Pretty Please Print Me

I’m all for going digital and online proofing is a great timesaver not to mention it’s better for the environment and saves our precious trees. But the reality is, if final product you are writing and designing will be printed, somewhere along the way once the main design is done, you have to print it out to get a true idea of how everything will look before you send it off print a mass quantity.

We live in a smartphone, iPad kind of world, where we live life doing nearly everything online, a click here or a scroll there, it’s effortless. But there are still times when using physical printed materials are merited; they do have their place in the world (of course using recycled materials if you can keeps the world a happier place).

There are a few key issues that tend to surface when you finally see a printout, these are the things to look for:

1) Font selection and size. We read things differently while we are zoomed in online than on the page. What is good for a headline font may or may not work for the body copy font when you see an entire paragraph of it, and vice versa. It can be wise to test out a few different font samples. Also size in relation to one another needs to be assessed.

2) Margins, overall spacing, and white space. Again scrolling around on various sizes computer monitors zoomed in, are very different than seeing something on a fixed page. Good design uses negative/white space to makes sure everything stands out to grab the attention of the reader, and those perceptions of space are very different between screen and paper. You also need to leave a proper amount of safety margins to allow for any slight shift in paper going through the printers or cutting if applicable.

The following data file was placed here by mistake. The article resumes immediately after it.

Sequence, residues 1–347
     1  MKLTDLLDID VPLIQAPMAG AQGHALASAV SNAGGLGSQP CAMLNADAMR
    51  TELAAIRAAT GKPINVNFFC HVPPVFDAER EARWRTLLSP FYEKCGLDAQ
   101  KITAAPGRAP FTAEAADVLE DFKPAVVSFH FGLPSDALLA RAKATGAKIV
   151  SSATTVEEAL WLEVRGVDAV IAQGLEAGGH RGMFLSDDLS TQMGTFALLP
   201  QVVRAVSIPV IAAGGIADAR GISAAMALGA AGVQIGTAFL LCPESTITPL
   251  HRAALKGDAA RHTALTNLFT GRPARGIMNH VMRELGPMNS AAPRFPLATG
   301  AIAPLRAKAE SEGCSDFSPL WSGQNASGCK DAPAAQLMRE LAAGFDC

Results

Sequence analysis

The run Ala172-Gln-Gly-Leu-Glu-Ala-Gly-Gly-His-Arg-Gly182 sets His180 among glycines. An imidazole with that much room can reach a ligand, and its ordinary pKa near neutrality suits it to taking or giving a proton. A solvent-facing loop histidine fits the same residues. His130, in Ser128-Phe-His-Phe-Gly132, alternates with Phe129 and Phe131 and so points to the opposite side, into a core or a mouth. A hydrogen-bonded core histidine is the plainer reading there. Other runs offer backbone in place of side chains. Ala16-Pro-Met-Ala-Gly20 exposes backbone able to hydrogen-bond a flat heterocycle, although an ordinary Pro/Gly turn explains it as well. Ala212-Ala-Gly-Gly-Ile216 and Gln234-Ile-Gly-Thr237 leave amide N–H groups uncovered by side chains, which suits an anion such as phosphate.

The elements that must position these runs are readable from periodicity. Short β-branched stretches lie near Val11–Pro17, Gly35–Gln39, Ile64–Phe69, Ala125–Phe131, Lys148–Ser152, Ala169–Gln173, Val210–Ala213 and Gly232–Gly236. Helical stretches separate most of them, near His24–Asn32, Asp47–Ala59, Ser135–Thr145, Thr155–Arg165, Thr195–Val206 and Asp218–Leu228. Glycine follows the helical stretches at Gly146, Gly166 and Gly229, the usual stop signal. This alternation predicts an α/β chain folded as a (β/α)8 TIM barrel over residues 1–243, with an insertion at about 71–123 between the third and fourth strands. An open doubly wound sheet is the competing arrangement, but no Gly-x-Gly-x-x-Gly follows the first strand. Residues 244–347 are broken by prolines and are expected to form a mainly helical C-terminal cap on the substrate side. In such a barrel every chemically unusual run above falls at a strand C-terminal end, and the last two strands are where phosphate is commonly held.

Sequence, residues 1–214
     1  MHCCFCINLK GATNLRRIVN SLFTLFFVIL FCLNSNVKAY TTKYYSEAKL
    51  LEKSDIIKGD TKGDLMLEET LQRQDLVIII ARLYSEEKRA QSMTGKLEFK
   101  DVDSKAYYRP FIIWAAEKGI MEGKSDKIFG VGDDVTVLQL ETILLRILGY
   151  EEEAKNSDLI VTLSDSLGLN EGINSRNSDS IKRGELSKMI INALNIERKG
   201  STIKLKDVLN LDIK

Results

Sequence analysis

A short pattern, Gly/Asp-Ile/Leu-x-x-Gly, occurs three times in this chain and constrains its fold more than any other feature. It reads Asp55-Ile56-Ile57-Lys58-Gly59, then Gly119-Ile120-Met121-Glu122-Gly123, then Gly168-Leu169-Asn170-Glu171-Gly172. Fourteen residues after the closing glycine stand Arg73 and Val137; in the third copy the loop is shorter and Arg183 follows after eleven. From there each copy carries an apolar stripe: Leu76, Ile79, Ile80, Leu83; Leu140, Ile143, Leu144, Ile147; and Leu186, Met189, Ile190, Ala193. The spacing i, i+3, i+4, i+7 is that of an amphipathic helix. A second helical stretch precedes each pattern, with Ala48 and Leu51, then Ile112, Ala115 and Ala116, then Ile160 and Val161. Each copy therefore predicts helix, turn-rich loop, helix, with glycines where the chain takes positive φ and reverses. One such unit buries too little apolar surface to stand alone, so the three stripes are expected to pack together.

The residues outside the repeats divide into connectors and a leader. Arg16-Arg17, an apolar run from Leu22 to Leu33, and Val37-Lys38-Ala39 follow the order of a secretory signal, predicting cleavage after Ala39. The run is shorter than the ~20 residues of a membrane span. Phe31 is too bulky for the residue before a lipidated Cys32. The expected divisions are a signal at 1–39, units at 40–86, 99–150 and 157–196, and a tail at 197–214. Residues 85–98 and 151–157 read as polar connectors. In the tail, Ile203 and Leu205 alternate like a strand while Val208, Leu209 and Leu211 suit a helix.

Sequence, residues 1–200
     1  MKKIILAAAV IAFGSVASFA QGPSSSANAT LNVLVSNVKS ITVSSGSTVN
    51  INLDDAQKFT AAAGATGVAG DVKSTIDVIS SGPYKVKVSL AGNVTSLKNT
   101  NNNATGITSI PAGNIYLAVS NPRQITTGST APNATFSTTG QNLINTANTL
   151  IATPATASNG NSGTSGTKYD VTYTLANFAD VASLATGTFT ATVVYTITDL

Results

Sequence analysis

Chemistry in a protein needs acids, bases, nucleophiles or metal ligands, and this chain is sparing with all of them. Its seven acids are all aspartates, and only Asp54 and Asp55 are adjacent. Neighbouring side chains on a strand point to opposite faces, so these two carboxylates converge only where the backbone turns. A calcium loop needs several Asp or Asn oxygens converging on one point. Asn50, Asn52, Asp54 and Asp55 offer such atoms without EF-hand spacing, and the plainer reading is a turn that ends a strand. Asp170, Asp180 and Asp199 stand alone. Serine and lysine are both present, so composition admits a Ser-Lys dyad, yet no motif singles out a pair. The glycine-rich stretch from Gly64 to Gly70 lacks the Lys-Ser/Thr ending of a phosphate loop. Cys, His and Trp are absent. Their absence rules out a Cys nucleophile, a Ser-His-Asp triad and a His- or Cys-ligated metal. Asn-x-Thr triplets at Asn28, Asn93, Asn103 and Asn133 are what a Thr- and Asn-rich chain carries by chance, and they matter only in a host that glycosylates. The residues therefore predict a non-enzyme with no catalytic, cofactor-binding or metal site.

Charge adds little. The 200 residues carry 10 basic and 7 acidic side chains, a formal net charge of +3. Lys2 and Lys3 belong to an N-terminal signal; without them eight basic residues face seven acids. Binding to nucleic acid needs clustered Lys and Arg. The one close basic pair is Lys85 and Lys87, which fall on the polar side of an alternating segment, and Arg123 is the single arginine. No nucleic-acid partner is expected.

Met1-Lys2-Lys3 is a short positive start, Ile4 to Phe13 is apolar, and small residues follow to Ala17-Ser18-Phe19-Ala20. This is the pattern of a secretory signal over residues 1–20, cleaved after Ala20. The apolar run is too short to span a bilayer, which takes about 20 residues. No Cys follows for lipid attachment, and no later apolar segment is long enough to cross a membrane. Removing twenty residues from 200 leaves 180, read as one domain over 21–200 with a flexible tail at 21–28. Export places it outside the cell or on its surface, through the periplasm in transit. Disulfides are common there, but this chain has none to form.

3) Color. What you see on screen is not what you will see when you print. If you are printing professionally, not even your inkjet printer can do this for you, so you may need to ask the printer to see a calibrated proof of some kind if exact color matching is imperative. On the other hand, even if it’s just a small thing like a flyer you are going to print on your own home printer, or a brochure to send to your local copy shop, it is still a wise idea to print one copy out early on to get a sense of the color scheme you are using and check if you like it on paper as much as on screen.

As a side note, there is a whole new landscape with regards to online design for smartphones and tablets, but that’s a whole other post. For now, whatever printed project you are working on, a brochure, a postcard, some literature for the table at your next trade show, whatever it is, pretty please do not wait until the last minute to first see something live on paper in your hands. I promise it will save you much time, energy, money and frustration down the road.


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